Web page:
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Re: "Responsible Behavior" Discussion

Postby OskarS » Mon Dec 31, 2007 9:37 am UTC

Basically, it's like this: in order to receive encrypted mail from people, you need to have a public key. This will let people encrypt emails to you that only you can read. However, there is the problem of authentication, how do you know for certain that key X belongs to person Y, someone could just have made a fake key so they can decrypt and read your mail and then pass it on to the real recipient (reencrypting it, so he doesn't know that you've read it). This is called a man-in-the-middle attack.

One solution for this is that people sign each others keys. It works like this: say you want to send an email to Bob, but you've never met him. You find his key online (they are stored on certain servers, like cryptographic phone books), but how can you be sure that it's really his? Well, turns out that you have a friend Alice, and you have her key and you know that it is hers. If Alice has signed Bob's key with her key (which only she can do, you need the secret part of the key-pair), it means that she's dead certain that that really is Bob's key (maybe they are friends, or have met somewhere in real life). So then you can be sure that Bob's key is genuine (since you have a common friend, Alice) and that your communications will be safe.

A key-signing party is simply a super-geeky party where people meet in real life so that they can be sure of people's identity and then everyone signs everyone else's key. It's a good way to expand the web of trust. The joke here (which totally is not funny if you explain it, but I found it hilarious when I read :D ) is that he has no idea who this girl is and yet he signed her key. The humor lies in the juxtaposition of what you expect (that they screwed) and what is the case (they signed each others key, also known as geek-sex).

As I said, not funny if you explain it, but it made me laugh :)

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Re: "Responsible Behavior" Discussion

Postby spacedman » Mon Dec 31, 2007 10:57 am UTC

But what we all want to know is whether he fingered her first...

See, for example, http://www.heureka.clara.net/sunrise/mykey.htm

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Re: "Responsible Behavior" Discussion

Postby Coldcell » Mon Dec 31, 2007 11:28 am UTC

OskarS wrote:Stuff about keys



Thanks! :mrgreen:

Now I can snicker about people with "I bet they'll sign anyone's key... that whore."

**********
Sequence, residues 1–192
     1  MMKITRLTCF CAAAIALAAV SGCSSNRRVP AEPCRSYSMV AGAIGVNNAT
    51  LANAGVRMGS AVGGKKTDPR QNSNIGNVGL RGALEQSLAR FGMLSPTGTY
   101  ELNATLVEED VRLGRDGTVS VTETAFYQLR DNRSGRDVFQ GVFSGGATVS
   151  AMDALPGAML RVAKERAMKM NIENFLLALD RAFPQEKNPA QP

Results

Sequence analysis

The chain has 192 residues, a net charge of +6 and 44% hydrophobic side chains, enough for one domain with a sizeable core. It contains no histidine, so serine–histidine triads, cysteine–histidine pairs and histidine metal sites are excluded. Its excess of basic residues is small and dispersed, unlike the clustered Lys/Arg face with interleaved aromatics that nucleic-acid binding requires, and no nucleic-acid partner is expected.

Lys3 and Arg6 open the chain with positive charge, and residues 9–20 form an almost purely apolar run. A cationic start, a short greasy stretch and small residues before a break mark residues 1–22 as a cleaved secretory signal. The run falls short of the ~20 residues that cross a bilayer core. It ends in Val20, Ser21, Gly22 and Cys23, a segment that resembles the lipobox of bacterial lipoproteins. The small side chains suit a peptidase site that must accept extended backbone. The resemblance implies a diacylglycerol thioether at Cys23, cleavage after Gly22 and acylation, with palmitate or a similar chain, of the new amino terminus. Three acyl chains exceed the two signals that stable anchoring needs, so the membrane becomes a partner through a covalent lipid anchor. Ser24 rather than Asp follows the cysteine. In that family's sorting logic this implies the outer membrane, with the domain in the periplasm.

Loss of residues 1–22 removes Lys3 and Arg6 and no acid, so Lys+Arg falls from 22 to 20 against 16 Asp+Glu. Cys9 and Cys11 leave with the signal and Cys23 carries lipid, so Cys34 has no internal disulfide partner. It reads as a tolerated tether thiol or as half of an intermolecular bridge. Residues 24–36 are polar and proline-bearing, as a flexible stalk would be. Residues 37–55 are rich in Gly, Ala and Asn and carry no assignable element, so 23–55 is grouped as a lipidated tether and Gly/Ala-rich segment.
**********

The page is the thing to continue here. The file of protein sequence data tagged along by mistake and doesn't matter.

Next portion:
Yeah...

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Cynical Jawa
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Re: "Responsible Behavior" Discussion

Postby Cynical Jawa » Mon Dec 31, 2007 11:44 am UTC

Man, I wish I was more all up on's my crypto (yo). I understand the simple stuff, mainly from my involvement in Xbox 1 hacking, but only very...simply.

Still, easily enough to get this comic - I think it's one of the better ones recently. And tequila is indeed evil. It was the S6 (final year) Christmas Ceilidh a few weeks ago, which was followed by an afterparty in a nuclear bunker. Seriously, I'm not kidding, an honest-to-god nuclear bunker filled with alcohol and snacks. Anyway, one of my co-physicists had noticed in an on-this-day that it was the 107th anniversary of quantum theory! Tequila shots were done, and after that things became...interesting. But I think I survived with my cryptographic security intact :P

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Re: "Responsible Behavior" Discussion

Postby slobrummer » Mon Dec 31, 2007 12:51 pm UTC

The comic was entertaining, but the finger comments and the safe hex comments as stated above took the cake.

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Re: "Responsible Behavior" Discussion

Postby emanaton » Mon Dec 31, 2007 12:59 pm UTC

Coldcell wrote:Now I can snicker about people with "I bet they'll sign anyone's key... that whore."


Coldcell, I am SO stealing that! Fricken priceless!
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OskarS
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Re: "Responsible Behavior" Discussion

Postby OskarS » Mon Dec 31, 2007 1:45 pm UTC

Coldcell wrote:
OskarS wrote:Stuff about keys



Thanks! :mrgreen:



Well, yes, that would be the short version :)

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Re: "Responsible Behavior" Discussion

Postby fnsnet » Mon Dec 31, 2007 1:55 pm UTC

The PGP cryptosystem includes a variant of the TTP in the form of the web of trust. PGP users digitally sign each others' identity certificates and are instructed to do so only if they are confident the person and the public key belong together. A key signing party is one way of combining a get-together with some certificate signing. Nonetheless, doubt and caution remain sensible as some users have been careless in signing others' certificates.


For people who don't understand. Source.

:lol:
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But if you have an idea and I have an idea, and we exchange ideas, then each of us will have two ideas"

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Re: "Responsible Behavior" Discussion

Postby bluemonkmn » Mon Dec 31, 2007 2:59 pm UTC